Special to Montclair Local 

“The holidays are early this year.” Either that or they are “late.” In our Jewish community, this is a perennial observation and joke made every year when the Jewish holidays approach. Of course, the Jewish New Year, Rosh Hashana, always begins on the very same Hebrew date, the first of the Hebrew month of Tishrei. But since the Jewish calendar is not synchronized with the secular calendar, the dates on that calendar — the one we use for practically every other aspect of our lives — can fall any time from early September to early October.

This year, they were early. But next year they will be late. (Don’t ask!)

All this is to say that even in conventional times, it is a juggling act to keep Jewish time along with one’s usual timekeeping. Keeping track of everything in one’s life is more complicated if one also wants to pay attention to the Jewish rhythm of time. And the challenge is even greater when we turn to the special times called the “High Holy Days” — Rosh Hashana and Yom Kippur (the Day of Atonement). These holidays are meant to be times of spiritual renewal, family and communal assembly. It is a daunting task to open times for these moments within a social world that keeps time differently. Shall the kids miss school? Shall I take off a day from work?

This extra effort to make room for Jewish sacred time has become even more difficult with the onset of the coronavirus pandemic. Our Sabbath and holiday get-togethers and worship services were canceled. We scrambled — as everyone had to in their own way - to find ways to overcome our losses. Congregation Shomrei Emunah, and its other partners in Jewish life in the Montclair area, understood that health and safety of everyone in this world come first. We did not make the sacrilegious error of thinking that our religious services were exempt from the real obligations we had to accept, in order to keep everyone safe and to support with compassion those who were tragically overloaded with caring for the growing numbers of suffering victims. One of the many lessons we should have learned from this pandemic is not to make an idol out of the value of freedom — even religious freedom — when we should really understand how interdependent we really are. 

So we had to connect with each other in different ways. Worship, study and meetings went virtual. We called everyone we could. And we met and met and met to assess our situation and our response to it, all the time trying to balance our values of compassion, community and the sanctity of tradition.

The value of community has become so clear during the pandemic. Without compromising anyone’s privacy, the community made itself available to all who wanted it and we were able to accomplish so much more together than we could as individuals. We were there for each other in practical ways and in emotional and spiritual ways, in times of grief and joy. We shopped and cooked for those who needed it. We created small groups for discussion and sharing. We enhanced our explorations of social action tasks.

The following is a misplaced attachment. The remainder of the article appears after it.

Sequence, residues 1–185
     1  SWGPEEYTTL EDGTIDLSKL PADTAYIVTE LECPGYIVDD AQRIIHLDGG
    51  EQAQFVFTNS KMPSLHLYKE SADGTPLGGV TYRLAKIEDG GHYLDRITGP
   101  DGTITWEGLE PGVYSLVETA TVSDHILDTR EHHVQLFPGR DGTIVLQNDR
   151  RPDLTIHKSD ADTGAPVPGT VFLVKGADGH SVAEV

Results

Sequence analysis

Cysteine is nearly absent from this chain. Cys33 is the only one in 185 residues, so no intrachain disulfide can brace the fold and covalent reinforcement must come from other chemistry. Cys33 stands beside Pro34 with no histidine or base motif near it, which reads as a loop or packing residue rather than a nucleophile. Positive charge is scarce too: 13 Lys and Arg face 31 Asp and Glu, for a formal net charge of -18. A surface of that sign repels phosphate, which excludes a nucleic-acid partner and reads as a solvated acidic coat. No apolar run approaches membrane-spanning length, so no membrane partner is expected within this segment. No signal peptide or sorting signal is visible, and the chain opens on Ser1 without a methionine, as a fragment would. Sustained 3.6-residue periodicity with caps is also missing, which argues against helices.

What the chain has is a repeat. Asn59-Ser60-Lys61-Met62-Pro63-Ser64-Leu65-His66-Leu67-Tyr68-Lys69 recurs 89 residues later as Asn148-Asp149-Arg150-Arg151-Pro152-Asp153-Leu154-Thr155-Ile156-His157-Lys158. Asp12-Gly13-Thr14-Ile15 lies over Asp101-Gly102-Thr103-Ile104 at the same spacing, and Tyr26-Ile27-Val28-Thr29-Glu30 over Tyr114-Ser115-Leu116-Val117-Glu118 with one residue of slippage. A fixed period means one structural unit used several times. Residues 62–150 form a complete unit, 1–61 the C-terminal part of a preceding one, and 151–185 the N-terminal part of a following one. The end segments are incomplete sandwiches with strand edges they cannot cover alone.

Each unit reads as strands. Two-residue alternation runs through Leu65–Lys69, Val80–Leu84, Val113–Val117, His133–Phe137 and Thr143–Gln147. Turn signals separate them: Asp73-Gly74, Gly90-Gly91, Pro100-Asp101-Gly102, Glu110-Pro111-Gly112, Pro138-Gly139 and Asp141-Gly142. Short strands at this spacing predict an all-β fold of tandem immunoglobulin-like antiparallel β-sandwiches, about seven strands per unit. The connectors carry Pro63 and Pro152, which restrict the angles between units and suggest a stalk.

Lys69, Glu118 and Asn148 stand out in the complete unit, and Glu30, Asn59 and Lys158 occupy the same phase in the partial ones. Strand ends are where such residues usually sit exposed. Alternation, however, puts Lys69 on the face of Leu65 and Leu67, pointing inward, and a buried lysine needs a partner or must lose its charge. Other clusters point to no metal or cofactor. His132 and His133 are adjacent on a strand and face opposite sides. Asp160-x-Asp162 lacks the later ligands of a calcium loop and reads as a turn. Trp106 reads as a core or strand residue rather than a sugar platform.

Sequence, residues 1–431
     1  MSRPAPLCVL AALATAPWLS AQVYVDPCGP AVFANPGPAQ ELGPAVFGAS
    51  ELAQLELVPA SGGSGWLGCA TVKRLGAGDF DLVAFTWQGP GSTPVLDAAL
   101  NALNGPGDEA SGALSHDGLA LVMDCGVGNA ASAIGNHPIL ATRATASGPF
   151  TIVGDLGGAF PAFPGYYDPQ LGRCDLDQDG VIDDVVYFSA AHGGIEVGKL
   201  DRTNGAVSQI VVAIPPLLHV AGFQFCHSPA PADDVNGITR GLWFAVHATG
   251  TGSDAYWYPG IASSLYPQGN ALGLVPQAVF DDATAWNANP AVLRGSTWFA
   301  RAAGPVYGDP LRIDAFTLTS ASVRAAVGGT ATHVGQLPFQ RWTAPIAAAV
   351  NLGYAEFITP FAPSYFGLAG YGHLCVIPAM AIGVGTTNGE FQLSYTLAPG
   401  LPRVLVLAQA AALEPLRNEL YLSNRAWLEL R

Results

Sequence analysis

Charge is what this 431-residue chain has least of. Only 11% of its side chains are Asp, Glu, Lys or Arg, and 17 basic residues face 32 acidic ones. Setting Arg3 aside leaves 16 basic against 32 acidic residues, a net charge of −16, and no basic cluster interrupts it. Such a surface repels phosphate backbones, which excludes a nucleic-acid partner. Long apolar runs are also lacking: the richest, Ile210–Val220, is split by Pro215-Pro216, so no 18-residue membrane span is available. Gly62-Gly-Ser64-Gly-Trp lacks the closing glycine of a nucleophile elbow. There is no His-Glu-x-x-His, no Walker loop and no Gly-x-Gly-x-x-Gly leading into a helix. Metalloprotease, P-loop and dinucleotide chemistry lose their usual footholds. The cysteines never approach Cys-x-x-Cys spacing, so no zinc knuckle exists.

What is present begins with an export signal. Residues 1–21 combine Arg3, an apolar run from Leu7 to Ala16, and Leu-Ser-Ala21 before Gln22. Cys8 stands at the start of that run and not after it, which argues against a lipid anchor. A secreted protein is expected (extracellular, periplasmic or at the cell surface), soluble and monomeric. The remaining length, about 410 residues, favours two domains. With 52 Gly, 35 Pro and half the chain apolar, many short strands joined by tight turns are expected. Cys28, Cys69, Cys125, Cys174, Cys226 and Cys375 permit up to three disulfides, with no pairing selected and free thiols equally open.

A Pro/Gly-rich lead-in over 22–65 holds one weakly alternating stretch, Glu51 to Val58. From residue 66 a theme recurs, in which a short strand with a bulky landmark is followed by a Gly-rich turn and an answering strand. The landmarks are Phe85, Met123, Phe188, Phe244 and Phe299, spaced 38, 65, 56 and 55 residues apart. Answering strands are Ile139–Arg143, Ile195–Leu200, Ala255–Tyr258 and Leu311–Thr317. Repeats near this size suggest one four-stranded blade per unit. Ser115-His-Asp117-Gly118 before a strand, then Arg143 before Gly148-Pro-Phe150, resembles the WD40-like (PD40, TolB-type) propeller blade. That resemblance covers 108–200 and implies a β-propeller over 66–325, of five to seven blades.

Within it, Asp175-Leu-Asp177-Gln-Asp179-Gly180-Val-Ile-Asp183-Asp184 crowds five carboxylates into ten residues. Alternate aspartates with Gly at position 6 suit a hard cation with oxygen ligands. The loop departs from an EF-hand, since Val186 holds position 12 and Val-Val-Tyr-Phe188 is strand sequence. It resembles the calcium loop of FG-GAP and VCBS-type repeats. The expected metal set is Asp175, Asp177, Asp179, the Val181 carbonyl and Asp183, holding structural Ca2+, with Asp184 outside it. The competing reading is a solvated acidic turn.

We hoped that the rollout of vaccinations would revolutionize our world and return to it a semblance of normalcy. Sadly, we still have a long way to go. Still, things are so much better than a year ago. It took tons of discussion and brainstorming and struggle, but we created a way for so many of us to once more gather in person for these special days. Paying close attention to safety concerns, we held services indoors and outside. We were able to experience the delicious taste of seeing a real, flesh-and-blood human being. We recited a blessing taught by our tradition, a blessing to be recited when one sees a dear friend for the first time in a year or more — “Majestic Presence of the universe, abounding in blessings, You bring the dead to life.” 

We have tragically experienced real loss of life, and even the fortunate among us have experienced the loss of our normal sense of life. As we rebuild and go forward, bringing the dead to life again, we must face many questions. The days from Rosh Hashana through Yom Kippur are called the Ten Days of Teshuvah. “Teshuvah” can mean, among many things, “repentance, returning, responding.” These meanings speak to different vectors of thought and behavior. Returning can sound like going back to what was. But repentance means not repeating the errors of the past. 

Responding to our present situation entails deciding what must be returned to and what must be changed. Do we wish to return to systemic inequality and hatred or are we ready to build a better community and society?

It has been so beautiful to finally gather together in prayer, song and solidarity. But we need to ask ourselves: Will our ethnic and religious traditions and identities simply serve as sources of individual and group pride, or even solace? Or will we allow them to actively prod us to take responsibility for — to respond to — fixing all the broken pieces of our world that have been so brutally exposed by the pandemic’s effects? 

David Greenstein is rabbi of Congregation Shomrei Emunah in Montclair


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